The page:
Lightweight armor material made of nanotube mats outperforms Kevlar

Lightweight armor material mad...
Scientists have used carbon nanotubes as the basis for a new material that could be used in lightweight armor
Scientists have used carbon nanotubes as the basis for a new material that could be used in lightweight armor
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Scientists have used carbon nanotubes as the basis for a new material that could be used in lightweight armor
Scientists have used carbon nanotubes as the basis for a new material that could be used in lightweight armor

Weight is often a key consideration for scientists pushing the boundaries of bullet-proof materials, imagining armor that keeps the wearer safe while also improving their mobility. Engineers at the University of Wisconsin–Madison have now forged a new type of ultralight armor material described as a "nanofiber mat," which features a unique chemistry that enables it to outperform Kevlar and steel.

The basis for this new form of armor are tiny cylinders of carbon with the thickness of a single atom. Called carbon nanotubes, these have shown promise as next-generation materials for everything from transistor research, to treating vision loss, to bomb detection devices.

In adapting carbon nanotubes for use in armor materials, the authors of this new study took multi-walled versions of them and combined them with Kevlar nanofibers. The idea was to build on earlier research demonstrating the potential of these materials in absorbing impacts, to see if they couldn't be fashioned into an even more functional armor solution.

“Nano-fibrous materials are very attractive for protective applications because nanoscale fibers have outstanding strength, toughness, and stiffness compared to macroscale fibers,” said Ramathasan Thevamaran, who led the research. “Carbon nanotube mats have shown the best energy absorption so far, and we wanted to see if we could further improve their performance.”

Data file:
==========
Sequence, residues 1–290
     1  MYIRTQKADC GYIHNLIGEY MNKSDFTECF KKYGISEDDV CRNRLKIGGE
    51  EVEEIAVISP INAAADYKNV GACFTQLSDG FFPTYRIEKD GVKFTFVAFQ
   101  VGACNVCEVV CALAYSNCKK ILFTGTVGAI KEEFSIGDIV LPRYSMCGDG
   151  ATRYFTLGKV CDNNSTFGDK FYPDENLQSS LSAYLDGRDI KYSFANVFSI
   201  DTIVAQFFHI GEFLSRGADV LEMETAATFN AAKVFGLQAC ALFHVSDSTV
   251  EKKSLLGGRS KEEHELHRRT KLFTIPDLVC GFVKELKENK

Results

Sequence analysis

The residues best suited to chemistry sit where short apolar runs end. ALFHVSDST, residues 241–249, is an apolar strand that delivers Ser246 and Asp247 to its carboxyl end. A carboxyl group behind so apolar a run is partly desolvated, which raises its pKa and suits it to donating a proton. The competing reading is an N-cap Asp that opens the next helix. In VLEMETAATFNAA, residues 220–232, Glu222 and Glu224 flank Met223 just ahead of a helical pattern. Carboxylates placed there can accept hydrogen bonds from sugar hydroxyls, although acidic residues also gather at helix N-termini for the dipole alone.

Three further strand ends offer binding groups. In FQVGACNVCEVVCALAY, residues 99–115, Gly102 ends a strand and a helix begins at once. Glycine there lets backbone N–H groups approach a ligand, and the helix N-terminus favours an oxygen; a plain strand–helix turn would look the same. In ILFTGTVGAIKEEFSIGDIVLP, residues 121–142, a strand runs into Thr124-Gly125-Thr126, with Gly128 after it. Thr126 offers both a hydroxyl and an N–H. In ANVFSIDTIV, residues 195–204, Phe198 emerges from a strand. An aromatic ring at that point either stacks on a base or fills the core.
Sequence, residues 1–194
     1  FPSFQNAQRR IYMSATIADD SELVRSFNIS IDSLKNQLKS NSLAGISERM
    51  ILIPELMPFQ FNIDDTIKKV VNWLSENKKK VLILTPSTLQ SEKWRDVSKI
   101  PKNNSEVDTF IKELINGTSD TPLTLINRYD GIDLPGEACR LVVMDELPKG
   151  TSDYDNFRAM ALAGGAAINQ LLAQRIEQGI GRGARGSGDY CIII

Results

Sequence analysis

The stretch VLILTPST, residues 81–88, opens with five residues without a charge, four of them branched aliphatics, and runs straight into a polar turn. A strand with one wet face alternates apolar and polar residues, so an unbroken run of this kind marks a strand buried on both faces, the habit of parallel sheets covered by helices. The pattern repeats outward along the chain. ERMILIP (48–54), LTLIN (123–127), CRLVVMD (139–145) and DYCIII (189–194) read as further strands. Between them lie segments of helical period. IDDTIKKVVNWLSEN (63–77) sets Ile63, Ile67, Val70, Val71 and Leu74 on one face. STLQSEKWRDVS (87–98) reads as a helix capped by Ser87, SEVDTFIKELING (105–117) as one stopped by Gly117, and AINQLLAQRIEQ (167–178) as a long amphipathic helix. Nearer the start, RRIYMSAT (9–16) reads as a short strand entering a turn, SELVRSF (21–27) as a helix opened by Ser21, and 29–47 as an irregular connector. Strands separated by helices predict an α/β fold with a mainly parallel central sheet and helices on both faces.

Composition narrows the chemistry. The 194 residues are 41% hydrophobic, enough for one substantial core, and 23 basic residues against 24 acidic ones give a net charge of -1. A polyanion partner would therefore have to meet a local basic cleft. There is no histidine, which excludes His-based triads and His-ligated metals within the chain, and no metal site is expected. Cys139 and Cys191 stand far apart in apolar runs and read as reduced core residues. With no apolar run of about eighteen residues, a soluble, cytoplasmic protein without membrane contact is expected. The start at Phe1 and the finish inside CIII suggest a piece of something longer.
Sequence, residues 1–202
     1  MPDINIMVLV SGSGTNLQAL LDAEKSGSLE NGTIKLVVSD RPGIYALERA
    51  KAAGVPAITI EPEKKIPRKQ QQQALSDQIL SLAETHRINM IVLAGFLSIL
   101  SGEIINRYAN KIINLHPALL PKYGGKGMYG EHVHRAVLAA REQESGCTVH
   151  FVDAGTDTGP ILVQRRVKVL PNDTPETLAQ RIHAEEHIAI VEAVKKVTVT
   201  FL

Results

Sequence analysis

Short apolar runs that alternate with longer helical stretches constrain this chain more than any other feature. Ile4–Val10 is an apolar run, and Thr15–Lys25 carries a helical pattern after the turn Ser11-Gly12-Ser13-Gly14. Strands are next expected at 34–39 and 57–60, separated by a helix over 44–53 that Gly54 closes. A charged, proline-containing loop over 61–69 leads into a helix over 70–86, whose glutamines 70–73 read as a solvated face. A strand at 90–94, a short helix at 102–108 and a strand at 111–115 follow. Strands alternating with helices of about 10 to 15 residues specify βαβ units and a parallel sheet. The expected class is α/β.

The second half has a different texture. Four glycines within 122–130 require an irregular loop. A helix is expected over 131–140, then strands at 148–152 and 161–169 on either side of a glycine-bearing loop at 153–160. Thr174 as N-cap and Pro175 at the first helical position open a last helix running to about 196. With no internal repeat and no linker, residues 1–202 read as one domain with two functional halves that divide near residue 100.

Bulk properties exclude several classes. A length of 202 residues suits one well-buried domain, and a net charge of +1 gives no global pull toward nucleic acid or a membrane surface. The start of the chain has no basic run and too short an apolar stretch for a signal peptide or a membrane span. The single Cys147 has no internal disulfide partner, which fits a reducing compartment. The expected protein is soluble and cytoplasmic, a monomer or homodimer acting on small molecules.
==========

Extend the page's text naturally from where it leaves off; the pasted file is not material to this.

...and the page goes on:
To do so, the scientists tinkered with the chemistry until they landed on the winning recipe. They synthesized Kevlar nanofibers and incorporated just a small amount of them into "mats" made up of carbon nanotubes, with just the right ratio of both, which led to the production of hydrogen bonds between the fibers. The result of these bonds was a dramatic leap in performance.

“The hydrogen bond is a dynamic bond, which means it can continuously break and re-form again, allowing it to dissipate a high amount of energy through this dynamic process,” Thevamaran said. “In addition, hydrogen bonds provide more stiffness to that interaction, which strengthens and stiffens the nanofiber mat. When we modified the interfacial interactions in our mats by adding Kevlar nanofibers, we were able to achieve nearly 100 percent improvement in energy dissipation performance at certain supersonic impact velocities.”

The team put the material to the test using a microprojectile impact testing system, in which lasers are used to launch microbullets into material samples at varying velocities.

“Our system is designed such that we can actually pick a single bullet under a microscope and shoot it against the target in a very controlled way, with a very controlled velocity that can be varied from 100 meters (330 ft) per second all the way to over 1 kilometer (0.62 miles) per second,” Thevamaran said. “This allowed us to conduct experiments at a time scale where we could observe the material’s response – as the hydrogen bond interactions happen.”

These experiments showed that the novel material protected against high-speed impacts better than Kevlar fabric and steel plates. This provides the basis for high-performance, ultralight armor materials, and not just in bulletproof vests. According to the researchers, the material has the potential to allow spacecraft to absorb impacts from high-speed space debris.

“Our nanofiber mats exhibit protective properties that far surpass other material systems at much lighter weight,” said Thevamaran,

The research was published in the journal ACS Nano.

Source: University of Wisconsin–Madison

So it's better at stopping high velocity dust particles. That is good. However how does it perform against real bullets? How much lighter than kevlar? How about comparing a one foot square sample of each, weight, thickness, cost etc.
A carbon nanotube must be at least 3 atoms thick. One each side and the hole in the middle. It is a shame that there has to be so much research into making bullet proof vests. What calibre of bullet will this material eventually protect against?